Anna and the King of Siam Film Details
Overview: In 1862, a young Englishwoman becomes royal tutor in Siam and befriends the King.
Review: This movie is based on a book by Margaret Landon in 1944. “Anna and the King of Siam” was a best-selling novel based on a true story. The story is much more interesting and intriguing than the movie can portray. And the true story within the story is more fascinating yet. So, how much of the movie is fact, and how much fiction? First, the film and then the background. The main characters are real, and played well. I don’t hold with those who argue that a person of one race can’t play a role of another race. That’s part of what theater and acting are about. Sure, it’s nice and best if one can find the talent and qualified actors to play various ethnic roles. But it’s not necessary. And, I don’t nitpick actors who don’t look a part, or who’s accents aren’t perfect – unless they are quite terrible to the point of distraction. Rex Harrison does an excellent job as Mongkut, the king Siam. Lee J. Cobb is very good as Kralahome, his prime minister. He is probably the least believable as Siamese, and that’s because his distinct voice, build and persona are so well known. But his acting, and broken English (as one might expect of a Siamese), are very good. Gale Sondergaard is so good in her role as Lady Thiang that she looks and sounds Siamese. Linda Darnell is almost as convincing as Tuptim. Now the background. Margaret Landon was an American missionary who served with her husband in Siam from 1927-1937. She taught here three children along with Siamese in a mission school in Trang. She studied and read all about the country. She learned about Anna Leonowens who had been a governess to the Siamese royal family in the 19th century. After Landon’s family returned to the U.S. in 1937, she wrote the book about Anna. It was a best-seller in 1944, and 20th Century Fox made this movie in 1946. A decade later, her book also would become the source for the Fox musical, “The King and I.” But how much of the book is true? And how much is the film true to the book, and the real life story? I didn’t read the book so I can’t comment on it. Another book about Anna came out in 2008 that gave a somewhat different background. “Bombay Anna” was written by Susan Morgan. It claims to tell “the real story and the remarkable adventures of the ‘King and I’ governess.” A New York Times review of that book on Oct. 20, 2008, called Anna Leonowens a con woman. “On disembarking in Singapore as a young widow in 1859, this gifted con woman subtracted three years from her age, relocated her birthplace from Bombay to Wales, forgot her mother’s Indian parentage, promoted her father from private to major and changed her husband from a clerk to an army officer.” Leonowens was educated and knew languages – Hindi, Marathi, Persian and Sanskrit, and she could mimic a genteel English accent. She was Anglo-Indian and born Nov 6, 1831, in India. In 1849, she married an Irish clerk, Thomas Leon Owens. The two surnames later were merged. The couple spent several years in Australia where a daughter and son were born. First was Avis in 1854, and then Louis in 1856. In 1859, Thomas died of a stroke in Malaysia where he managed a hotel. Then Anna moved with here children to Singapore, where she revised her background to fit in among the expatriate British colony there. King Mongkut of Siam was born in 1804. He became a Buddhist monk and read and studied much. He helped establish a monastery that became the intellectual center of Siam. Mongkut became king in 1851 and reigned until his death in 1868. In 1861, he asked his agent in Singapore to find an English governess for his children. Leonowens got the job and arrived in Bangkok in 1862. She sent daughter Avis to England to school and taught Thomas along with the royal household. She later sent Thomas to England to finish his schooling, and after five years she left Siam for the United Sates. She later moved to Montreal, Canada, to be near her daughter, and she died there in 1915 at age 84. So, how much of the movie is true to history? Well, Anna didn’t stay into old age when the king died. He was older than she and he died in 1868. In the U.S. she wrote her memoirs and was successful as a teacher and traveling on the lecture circuit. Her son, Louis, did not die from an accident in Siam. Mongkut did write to a U.S. president and offer elephants. But it wasn’t Abraham Lincoln, it was James Buchanan (1857-1861), and it was before Anna arrived in Bangkok. Mongkut was a progressive leader who ensured liberal education for his sons. After his death, they began many of his reforms. There is much more about Siam, Mongkut, Anna and others that room doesn’t allow to tell here. In one scene, Mongkut has summoned Anna in the middle of the night. He questions the Bible story of creation. Anna says “Your majesty, the Bible was not written by men of science. It was written by men of faith. It was their explanation of the miracle of creation, which is just as great a miracle whether it took six days or many centuries. I think science does not contradict the Bible. It has only made us more aware of how great the miracle was.”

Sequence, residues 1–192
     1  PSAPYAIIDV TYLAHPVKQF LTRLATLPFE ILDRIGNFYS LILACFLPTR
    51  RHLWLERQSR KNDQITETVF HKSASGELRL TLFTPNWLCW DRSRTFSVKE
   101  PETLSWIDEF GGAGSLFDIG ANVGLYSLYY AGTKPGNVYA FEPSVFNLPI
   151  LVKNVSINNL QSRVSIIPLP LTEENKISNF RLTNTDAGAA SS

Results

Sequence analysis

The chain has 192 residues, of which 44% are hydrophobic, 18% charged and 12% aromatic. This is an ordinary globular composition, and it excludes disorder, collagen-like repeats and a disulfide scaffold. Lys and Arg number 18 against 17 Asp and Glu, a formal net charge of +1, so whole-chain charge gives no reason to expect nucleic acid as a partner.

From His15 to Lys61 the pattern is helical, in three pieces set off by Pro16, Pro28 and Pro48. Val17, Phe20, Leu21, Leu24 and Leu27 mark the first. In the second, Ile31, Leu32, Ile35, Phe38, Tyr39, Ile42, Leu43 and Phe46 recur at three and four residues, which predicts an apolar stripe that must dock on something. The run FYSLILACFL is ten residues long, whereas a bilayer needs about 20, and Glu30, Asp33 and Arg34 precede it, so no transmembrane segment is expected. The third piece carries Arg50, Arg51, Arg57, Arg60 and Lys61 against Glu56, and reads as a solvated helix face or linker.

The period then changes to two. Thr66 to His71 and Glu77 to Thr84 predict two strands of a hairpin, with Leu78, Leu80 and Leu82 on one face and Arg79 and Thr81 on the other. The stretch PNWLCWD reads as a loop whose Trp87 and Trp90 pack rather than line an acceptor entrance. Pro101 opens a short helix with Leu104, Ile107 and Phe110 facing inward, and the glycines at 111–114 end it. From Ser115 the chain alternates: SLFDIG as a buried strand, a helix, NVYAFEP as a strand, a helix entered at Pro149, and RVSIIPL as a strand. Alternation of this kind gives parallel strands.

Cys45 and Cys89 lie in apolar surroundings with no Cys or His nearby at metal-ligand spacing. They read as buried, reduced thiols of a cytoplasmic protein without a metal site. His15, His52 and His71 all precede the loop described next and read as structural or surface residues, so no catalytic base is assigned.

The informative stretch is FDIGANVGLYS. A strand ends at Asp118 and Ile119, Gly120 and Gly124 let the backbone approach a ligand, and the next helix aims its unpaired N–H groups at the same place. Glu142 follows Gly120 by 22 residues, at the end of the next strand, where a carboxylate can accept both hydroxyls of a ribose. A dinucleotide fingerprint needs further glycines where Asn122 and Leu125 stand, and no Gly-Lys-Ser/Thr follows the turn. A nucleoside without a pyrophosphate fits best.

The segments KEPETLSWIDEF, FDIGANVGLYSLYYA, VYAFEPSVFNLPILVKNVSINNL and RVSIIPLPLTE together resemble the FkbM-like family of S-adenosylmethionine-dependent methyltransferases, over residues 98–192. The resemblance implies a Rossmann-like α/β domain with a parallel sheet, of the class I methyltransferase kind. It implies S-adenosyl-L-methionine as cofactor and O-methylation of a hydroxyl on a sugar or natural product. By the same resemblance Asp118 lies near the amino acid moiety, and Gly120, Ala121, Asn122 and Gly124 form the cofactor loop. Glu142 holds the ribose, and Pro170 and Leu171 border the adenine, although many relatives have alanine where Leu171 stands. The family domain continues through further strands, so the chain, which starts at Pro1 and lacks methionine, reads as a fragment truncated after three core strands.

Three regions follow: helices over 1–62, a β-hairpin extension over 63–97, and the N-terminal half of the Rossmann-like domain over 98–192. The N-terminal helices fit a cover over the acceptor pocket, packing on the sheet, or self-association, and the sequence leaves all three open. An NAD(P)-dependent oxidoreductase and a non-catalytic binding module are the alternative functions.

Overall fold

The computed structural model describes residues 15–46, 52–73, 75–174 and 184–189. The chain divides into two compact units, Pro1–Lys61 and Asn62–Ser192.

Country: United States
Duration: 128 min
Genre: Biography, Drama, Romance
Also known as: Anna e o Rei do Sião,Eventyr i Siam,Anna and the King of Siam,Anna und der König von Siam,Anna e il re del Siam,Anna és a sziámi király,Анна и король Сиама,Ana e o Rei do Sião,Izdırap Cenneti,Anna i el rei de Siam,Anna og kongen af Siam,Ana y el rey de Siam,Ана и кралят на Сиам,Anna et le roi de Siam,Anna i król Syjamu,I Anna kai o vasilefs tou Siam,アンナとシャム王,Anna ja Siamin kuningas,Anna och kungen av Siam